The lack of women at board level is the least of our problems

Quotas for women in the boardroom threaten to introduce yet more of the meddlesome regulation that's keeping companies away from the stockmarket, argues Matthew Lynn.

There are many problems facing stockmarkets right now. Returns for investors are miserable, with most major markets languishing below their levels of a decade ago. Companies are rarely bothering to list any more. Chief executives take an ever bigger share of the spoils, leaving less and less on the table for shareholders. In many ways, the stockmarket as a vehicle for bringing together people with spare capital and people with ideas for how to invest it productively, looks broken.

And what fix do the regulators come up with? Apparently the real issue that needs to be addressed is how we can get more women onto the boards of public companies. But this isn't an issue at all.

This week, the European Union launched tough new targets that may well lead to mandatory quotas for female directors. The European Union's justice chief Viviane Reding put out a report condemning the lack of progress European companies have made on getting more women onto their boards. She is even threatening to introduce legislation across the 27 member nations of the EU that would stipulate the minimum number of women a board must have.

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Many European countries already have quotas. Spain wants women to comprise 40% of large company boards by 2015, and France passed a law last year to impose a 20% quota by 2014, and 40% by 2017, for companies with at least 500 employees and annual sales of €50m. Norway set a quota for at least 40% of corporate board seats to be filled by women in 2003.

In this country, David Cameron has latched onto the issue and has been pushing for more and more women on boards. So don't be surprised to see mandatory EU-wide quotas at some time in the next few years. But is that really necessary?

As I see it, there are three big problems with quotas. First, they lead to a whole cadre of professional quota-filling women being appointed to the same boards. In Norway these women came to be known as the golden skirts': a small group of very well-paid senior women who the head-hunters called for time and time again.

But there is very little evidence that this increased the numbers of women being promoted through the ranks it was mostly non-executives being rounded up in order to tick another box on the corporate governance checklist. Encouraging more tokenism and lip service is hardly the way to change the culture of big companies.

And that's assuming a culture change is even necessary. It's true to say that women are not as well represented as they should be at board level. Only 12% of FTSE 100 directors are female. That's a lot less than their fair share, given that women make up half the population, and almost the same percentage of the workforce.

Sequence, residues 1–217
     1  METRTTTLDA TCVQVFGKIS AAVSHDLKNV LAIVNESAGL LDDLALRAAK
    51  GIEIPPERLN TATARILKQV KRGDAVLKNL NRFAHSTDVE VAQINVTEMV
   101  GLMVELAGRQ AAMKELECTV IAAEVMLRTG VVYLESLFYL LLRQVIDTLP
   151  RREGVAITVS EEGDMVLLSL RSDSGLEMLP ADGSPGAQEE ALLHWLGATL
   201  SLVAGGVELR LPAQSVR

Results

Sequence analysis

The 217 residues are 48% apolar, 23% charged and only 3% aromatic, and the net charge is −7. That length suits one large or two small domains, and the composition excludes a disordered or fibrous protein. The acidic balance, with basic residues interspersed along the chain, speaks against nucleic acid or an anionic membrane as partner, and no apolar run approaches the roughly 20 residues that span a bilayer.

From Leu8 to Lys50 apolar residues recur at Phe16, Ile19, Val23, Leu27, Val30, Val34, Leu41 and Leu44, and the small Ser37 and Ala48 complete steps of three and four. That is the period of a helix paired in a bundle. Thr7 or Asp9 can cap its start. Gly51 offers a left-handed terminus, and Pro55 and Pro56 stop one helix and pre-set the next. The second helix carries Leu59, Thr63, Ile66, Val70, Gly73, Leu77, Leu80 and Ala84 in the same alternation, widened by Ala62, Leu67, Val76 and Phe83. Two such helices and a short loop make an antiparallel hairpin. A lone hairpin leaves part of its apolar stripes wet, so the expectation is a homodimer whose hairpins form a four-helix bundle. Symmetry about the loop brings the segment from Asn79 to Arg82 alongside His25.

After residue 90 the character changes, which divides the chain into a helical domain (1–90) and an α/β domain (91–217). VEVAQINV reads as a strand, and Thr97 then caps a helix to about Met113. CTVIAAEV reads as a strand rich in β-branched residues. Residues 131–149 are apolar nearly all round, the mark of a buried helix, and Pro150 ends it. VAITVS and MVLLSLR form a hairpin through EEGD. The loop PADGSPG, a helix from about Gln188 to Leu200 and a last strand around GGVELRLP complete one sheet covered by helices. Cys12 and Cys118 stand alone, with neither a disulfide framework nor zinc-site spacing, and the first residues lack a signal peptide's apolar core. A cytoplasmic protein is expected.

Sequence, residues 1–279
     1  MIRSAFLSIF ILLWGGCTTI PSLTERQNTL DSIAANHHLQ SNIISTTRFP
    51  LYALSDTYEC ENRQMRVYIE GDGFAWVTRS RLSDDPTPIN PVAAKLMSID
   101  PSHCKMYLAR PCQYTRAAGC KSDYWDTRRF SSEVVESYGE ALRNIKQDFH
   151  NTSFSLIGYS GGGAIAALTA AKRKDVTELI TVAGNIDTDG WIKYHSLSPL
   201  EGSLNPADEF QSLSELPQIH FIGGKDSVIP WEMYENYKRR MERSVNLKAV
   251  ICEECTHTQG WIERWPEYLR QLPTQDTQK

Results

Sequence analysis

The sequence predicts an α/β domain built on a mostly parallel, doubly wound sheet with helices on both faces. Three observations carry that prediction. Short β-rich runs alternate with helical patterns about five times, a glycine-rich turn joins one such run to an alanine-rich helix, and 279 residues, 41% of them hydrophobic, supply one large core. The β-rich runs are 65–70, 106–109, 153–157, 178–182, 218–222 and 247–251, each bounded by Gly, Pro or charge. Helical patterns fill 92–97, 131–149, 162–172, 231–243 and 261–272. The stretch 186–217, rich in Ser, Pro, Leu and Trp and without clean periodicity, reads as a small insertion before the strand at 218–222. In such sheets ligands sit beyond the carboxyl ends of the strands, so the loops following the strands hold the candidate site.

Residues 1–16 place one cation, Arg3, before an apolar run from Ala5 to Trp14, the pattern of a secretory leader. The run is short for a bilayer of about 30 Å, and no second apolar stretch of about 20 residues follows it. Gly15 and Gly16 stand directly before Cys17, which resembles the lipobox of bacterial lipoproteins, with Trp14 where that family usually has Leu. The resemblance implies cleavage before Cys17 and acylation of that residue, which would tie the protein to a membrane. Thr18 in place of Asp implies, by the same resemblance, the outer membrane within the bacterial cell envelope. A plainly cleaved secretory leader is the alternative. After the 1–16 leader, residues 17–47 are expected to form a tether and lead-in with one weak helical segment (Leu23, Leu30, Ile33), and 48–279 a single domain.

But it is a mistake to focus solely on a handful of top jobs. What counts is how the broad mass of female workers are doing not just a few well-paid women right at the top of the tree. And the news on that front while far from perfect is certainly not awful enough to justify mandatory quotas.

Already, more women than men go to university. That doesn't necessarily lead to a better income later in life, but not many people have a great career these days without a degree of some sort. And the pay gap while still significant is now at its narrowest since records began, according to the latest data from the Office for National Statistics.

Figures show that the pay gap between men and women in full-time employment fell to 9.1% in 2011, from 10% in 2010. While among the over-40s, men are still significantly better paid, with a gap of around 20% or more, the situation seems to be improving among younger workers.

Indeed, among 22- to 29-year-olds across the whole economy, female staff now earn on average more than their male counterparts. Arguably, if any group within society needs special help, it is low-skilled men, who are increasingly unemployable.

Finally, quotas distract us from the real issues. As Professor John Kay's interim report on the state of the stockmarket made clear this month, there are plenty of important questions about how the stockmarket works right now. Few companies see the point of a listing, preferring to raise money privately if they can.

After a decade of miserable returns investors are giving up. Executive pay seems to be spiralling out of control, even as returns to the actual owners of the company get ever more miserable. Fund managers and analysts seem more and more focused on quarterly profit targets rather than the long-term strategic direction of the business.

These are all real issues, which require real solutions. But women on boards? It is a bogus problem. No one is suggesting that women perform worse as directors. However, no one is really suggesting that they do any better either. Setting quotas and targets just distracts attention from the real issues. Worse, it threatens to introduce yet more of the meddlesome regulation this time from the EU that is keeping more and more companies away from the stockmarket.

Matthew Lynn

Matthew Lynn is a columnist for Bloomberg, and writes weekly commentary syndicated in papers such as the Daily Telegraph, Die Welt, the Sydney Morning Herald, the South China Morning Post and the Miami Herald. He is also an associate editor of Spectator Business, and a regular contributor to The Spectator. Before that, he worked for the business section of the Sunday Times for ten years. 

He has written books on finance and financial topics, including Bust: Greece, The Euro and The Sovereign Debt Crisis and The Long Depression: The Slump of 2008 to 2031. Matthew is also the author of the Death Force series of military thrillers and the founder of Lume Books, an independent publisher.